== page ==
0

Let $U=\begin{pmatrix}u&v\\0&w\end{pmatrix}$. Then $$UU^T=\begin{pmatrix}u&v\\0&w\end{pmatrix}\begin{pmatrix}u&0\\v&w\end{pmatrix}=\begin{pmatrix}u^2+v^2&vw\\vw&w^2\end{pmatrix}$$ We see that $$w=\sqrt c$$ $$v=\frac b{\sqrt c}$$ $$u=\sqrt{a-\frac{b^2}c}$$ We should also show that all those radicands are nonnegative, but, ...


1

Given the cholesky decomposition $LL^T = DHD$ for some positive definite diagonal matrix $D$, another positive definite diagonal matrix $\tilde D$ and a vector $u$. You can compute the decomposition $$\tilde L \tilde L^T = \tilde D (H+uu^T) \tilde D = \tilde D H\tilde D + (\tilde D u)(\tilde D u)^T$$ as follow: Let $\bar L = \tilde D D^{-1} L$, which ...


0

Those three linear independent vectors span $\mathbb{R}^3$, and the orthogonal complement is $\{0\}$.


1

If $A=(a_{ij})_{i,j}\in GL_n(R)$, and $B=(s_{ij})_{i,j}\in M_n(S)$, then $AB=(\sum_{k}a_{ik}s_{kj})_{i,j}$. Suppose $\sum_{i,j}\alpha_{ij}(\sum_{k}a_{ik}s_{kj})=0$ with $\alpha_{ij}\in R$. Then $\sum_{i,j,k}\alpha_{ij}a_{ik}s_{kj}=0$ and this can be written as $\sum_{j,k}(\sum_i\alpha_{ij}a_{ik})s_{kj}=0$. It follows $\sum_i\alpha_{ij}a_{ik}=0$ for all ...


0

Hint- use the fact that if $W_{1}$ and $W_{2}$ are two subspace of a vector space $V$ then $W_{1}\cap W_{2}$ is the largest subspace of $V$ contained in $W_{1}$ and $W_{2}$ and $W_{1}+W_{2}$ is the smallest subspace containing both $W_{1}$ and $W_{2}$.


1

Look. I'm not a mathematician, but I have a perspective which can explain why the cross product of two vectors is another vector perpendicular to them. It is not a proof but it will help make that idea fimilar. One can understand cross product in this way:imagine a line segment that makes colorful marks wherever it moves on a paper. Now make it move in the ...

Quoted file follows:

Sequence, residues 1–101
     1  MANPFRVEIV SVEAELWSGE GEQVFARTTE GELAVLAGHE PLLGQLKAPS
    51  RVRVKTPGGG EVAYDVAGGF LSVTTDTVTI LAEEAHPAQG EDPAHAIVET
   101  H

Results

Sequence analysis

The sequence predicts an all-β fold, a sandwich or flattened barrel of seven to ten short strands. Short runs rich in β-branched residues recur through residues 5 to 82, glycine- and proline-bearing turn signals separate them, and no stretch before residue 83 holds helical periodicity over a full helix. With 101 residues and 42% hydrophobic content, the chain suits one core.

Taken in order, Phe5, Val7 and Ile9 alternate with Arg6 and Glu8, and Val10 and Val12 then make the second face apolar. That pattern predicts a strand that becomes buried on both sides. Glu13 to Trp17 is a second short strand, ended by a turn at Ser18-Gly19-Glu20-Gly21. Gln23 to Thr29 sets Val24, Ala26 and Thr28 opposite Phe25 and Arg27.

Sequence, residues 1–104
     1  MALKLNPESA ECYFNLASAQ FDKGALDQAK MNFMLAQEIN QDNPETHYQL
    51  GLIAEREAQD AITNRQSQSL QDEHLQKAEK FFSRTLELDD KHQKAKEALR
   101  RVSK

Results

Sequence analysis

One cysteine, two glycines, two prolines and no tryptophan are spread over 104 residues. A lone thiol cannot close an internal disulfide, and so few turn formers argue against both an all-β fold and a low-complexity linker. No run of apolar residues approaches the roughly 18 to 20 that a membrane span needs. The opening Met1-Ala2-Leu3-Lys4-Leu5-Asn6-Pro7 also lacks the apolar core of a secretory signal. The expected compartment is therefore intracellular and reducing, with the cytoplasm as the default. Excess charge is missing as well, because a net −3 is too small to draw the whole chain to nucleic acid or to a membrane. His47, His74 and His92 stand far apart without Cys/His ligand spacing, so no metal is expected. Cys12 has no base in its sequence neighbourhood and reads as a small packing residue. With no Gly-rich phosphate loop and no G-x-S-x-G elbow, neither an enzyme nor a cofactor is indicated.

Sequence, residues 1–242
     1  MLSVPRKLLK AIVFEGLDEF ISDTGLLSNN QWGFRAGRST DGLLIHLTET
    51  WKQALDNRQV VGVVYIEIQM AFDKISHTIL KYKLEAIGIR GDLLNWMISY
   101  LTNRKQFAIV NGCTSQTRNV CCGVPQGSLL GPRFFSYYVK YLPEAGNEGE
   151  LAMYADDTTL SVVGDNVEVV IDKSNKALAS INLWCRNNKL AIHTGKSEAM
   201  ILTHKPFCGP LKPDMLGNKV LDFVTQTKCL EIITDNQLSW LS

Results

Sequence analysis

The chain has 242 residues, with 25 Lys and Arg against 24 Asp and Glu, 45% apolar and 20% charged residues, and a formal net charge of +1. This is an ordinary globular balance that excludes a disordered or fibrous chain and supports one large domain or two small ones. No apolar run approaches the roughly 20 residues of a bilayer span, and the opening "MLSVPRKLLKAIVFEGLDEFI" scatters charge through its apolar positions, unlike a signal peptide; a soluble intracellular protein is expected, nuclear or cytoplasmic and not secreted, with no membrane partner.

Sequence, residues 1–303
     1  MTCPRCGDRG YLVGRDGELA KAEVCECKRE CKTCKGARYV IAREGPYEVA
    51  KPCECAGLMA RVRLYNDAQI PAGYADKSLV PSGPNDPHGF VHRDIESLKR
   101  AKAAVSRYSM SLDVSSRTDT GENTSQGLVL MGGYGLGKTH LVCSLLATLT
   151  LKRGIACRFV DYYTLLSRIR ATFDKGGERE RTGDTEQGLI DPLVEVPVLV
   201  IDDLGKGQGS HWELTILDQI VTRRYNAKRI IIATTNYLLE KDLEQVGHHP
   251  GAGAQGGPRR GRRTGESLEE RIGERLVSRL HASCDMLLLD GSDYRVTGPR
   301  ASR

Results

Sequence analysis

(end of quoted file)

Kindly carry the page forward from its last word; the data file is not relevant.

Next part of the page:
2

Let the matrix be denoted by $E$, and the $i,j$ entry by $E_{i,j}$. Then we can write: $$E_{i,j}=\delta_{i,j}$$ If $A$, $B$ are two matrices, the elements of the product are denoted by $$(AB)_{i,j}=A_{i,j}B_{i,j}$$ If you write these two down definitions, it seems to come out quite quickly.


1

Hint: $$ \DeclareMathOperator{\tr}{tr} \tr(A^TJB) = \tr([A^TJB]^T) = \tr(B^TJ^TA) = -\tr(B^TJA) $$


1

A basic of $V$ is $(1,1+1)$. Indeed, every vector $(a,1+a) \in V$ can be written $$(a,1+a)=a*(1,1+1).$$ In particular, $V$ is the vector space of dimension $1$. In the other words, $V \simeq \mathbb{R} $ (note that $V$ is a vector subspace of $\mathbb{R}^2$).